Jussie Smollett released from Jail 6 days after 150-Day sentence

Actor Jussie Smollett speaks to Judge James Linn after his sentence is read Thursday, March 10, 2022 at the Leighton Criminal Court Building. (Brian Cassella/Pool/Chicago Tribune)

CHICAGO, IL – Jussie Smollett was reportedly released from jail after posting $150,000 bond on Wednesday night (March 16), just six days after he was sentenced to 150 days and 30 months of probation for staging a hate crime.

According to CNN, an Illinois appeals court granted an emergency motion by his defense attorneys, allowing him to stay home as the appeals process plays out.

When the judge handed down his sentence on Friday (March 11), the former Empire actor said matter-of-factly, “Your honour, I respect you and I respect the jury, but I did not do this. And I am not suicidal. And if anything happens to me when I go in there, I did not do it to myself. And you must all know that.”

He was then led out of the courtroom with his fist in the air. Defense attorney Nenye Uche called the sentence “a disgrace” in a subsequent press conference and added, “There is no room for politics in our court system. Regardless of what you think about this case … the real question is, should Black men be walked into jail for a Class 4 felony?”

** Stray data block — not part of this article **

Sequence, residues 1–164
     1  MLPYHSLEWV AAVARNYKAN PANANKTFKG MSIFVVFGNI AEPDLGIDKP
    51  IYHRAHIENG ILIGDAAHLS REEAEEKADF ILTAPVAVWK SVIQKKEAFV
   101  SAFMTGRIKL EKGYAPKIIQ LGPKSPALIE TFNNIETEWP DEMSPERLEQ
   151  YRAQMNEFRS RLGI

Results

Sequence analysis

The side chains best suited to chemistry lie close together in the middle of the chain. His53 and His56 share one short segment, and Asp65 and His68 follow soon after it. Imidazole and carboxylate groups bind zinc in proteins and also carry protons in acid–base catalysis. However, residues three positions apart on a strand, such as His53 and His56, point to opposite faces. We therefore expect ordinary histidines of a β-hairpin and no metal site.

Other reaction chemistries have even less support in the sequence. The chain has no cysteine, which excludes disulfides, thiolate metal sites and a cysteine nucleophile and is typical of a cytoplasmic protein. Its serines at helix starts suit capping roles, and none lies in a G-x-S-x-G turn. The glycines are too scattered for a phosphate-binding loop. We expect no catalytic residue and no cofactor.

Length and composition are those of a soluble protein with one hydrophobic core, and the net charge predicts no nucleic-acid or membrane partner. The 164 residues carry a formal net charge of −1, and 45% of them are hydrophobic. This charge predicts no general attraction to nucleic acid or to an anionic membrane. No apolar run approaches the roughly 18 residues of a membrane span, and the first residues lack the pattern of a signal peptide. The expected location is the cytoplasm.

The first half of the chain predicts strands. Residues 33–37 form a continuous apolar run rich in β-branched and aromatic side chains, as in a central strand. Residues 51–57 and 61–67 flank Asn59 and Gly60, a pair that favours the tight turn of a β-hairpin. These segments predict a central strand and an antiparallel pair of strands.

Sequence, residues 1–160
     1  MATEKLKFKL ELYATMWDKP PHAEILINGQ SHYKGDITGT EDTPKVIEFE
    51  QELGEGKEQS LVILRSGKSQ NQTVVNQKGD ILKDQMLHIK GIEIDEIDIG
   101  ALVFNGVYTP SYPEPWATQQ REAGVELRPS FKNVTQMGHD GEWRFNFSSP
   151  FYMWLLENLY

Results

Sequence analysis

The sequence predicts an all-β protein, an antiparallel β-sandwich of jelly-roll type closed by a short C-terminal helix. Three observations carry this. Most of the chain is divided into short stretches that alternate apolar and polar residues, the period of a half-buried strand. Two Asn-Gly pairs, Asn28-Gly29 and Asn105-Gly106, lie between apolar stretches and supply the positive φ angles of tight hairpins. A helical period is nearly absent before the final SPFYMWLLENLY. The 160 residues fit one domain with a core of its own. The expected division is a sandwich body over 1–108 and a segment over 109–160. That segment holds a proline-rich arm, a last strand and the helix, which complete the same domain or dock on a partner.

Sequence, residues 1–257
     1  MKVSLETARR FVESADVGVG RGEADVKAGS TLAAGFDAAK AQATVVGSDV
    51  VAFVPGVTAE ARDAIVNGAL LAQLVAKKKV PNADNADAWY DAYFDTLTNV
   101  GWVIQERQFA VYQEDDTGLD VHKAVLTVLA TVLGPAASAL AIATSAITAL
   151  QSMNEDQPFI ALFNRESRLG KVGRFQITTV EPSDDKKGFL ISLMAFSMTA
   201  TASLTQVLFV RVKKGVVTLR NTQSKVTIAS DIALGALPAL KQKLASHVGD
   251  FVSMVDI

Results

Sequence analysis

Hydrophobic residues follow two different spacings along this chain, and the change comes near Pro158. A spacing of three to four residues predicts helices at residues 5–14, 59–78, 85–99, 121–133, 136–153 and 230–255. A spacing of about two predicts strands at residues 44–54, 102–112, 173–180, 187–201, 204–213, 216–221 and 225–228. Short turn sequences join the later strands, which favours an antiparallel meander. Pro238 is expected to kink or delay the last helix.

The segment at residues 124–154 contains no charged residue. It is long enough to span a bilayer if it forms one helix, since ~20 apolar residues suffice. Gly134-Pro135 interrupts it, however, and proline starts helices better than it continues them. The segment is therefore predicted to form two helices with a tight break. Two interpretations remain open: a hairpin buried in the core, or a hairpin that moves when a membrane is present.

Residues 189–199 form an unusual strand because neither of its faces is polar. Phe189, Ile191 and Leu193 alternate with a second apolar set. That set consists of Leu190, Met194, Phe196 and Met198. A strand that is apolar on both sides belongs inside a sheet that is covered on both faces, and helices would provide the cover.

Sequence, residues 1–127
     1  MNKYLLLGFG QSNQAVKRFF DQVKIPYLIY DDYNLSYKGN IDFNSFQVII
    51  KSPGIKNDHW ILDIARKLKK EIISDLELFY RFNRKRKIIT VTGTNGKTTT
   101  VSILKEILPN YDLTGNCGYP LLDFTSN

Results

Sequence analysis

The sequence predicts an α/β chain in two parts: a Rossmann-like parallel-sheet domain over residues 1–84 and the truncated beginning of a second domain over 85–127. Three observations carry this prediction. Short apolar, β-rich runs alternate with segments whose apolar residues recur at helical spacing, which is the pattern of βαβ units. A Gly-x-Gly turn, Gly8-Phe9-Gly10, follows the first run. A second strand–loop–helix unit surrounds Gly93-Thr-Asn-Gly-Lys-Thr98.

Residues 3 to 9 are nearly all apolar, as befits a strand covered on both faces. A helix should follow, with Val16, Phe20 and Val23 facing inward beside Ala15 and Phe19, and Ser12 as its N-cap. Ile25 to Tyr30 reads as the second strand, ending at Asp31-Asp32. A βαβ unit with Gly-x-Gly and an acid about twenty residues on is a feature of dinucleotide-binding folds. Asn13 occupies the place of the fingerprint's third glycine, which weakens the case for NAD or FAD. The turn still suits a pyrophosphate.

Cook County Judge James Linn criticized Smollett for a half-hour as he delivered his decision, telling him he “destroyed” his life. Hours after he was locked up, his brother uploaded a video to Instagram and reiterated his brother wasn’t suicidal. He also revealed officials added a note to his file claiming he was at-risk for “self-harm,” something his brother refuted.

However, Smollett refused to eat for the last six days, raising the alarm. Smollett’s defense filed an emergency motion last week, arguing he’d be “irreparably harmed” if he serves a sentence for convictions that may be reversed, adding he’d probably serve his jail time before the completion of his appeal. They also brought up COVID-19 risks, citing his compromised immune system.

The court granted the attorneys’ motion, explaining it would be “unable to dispose of the instant appeal before the defendant would have served his entire sentence of incarceration.”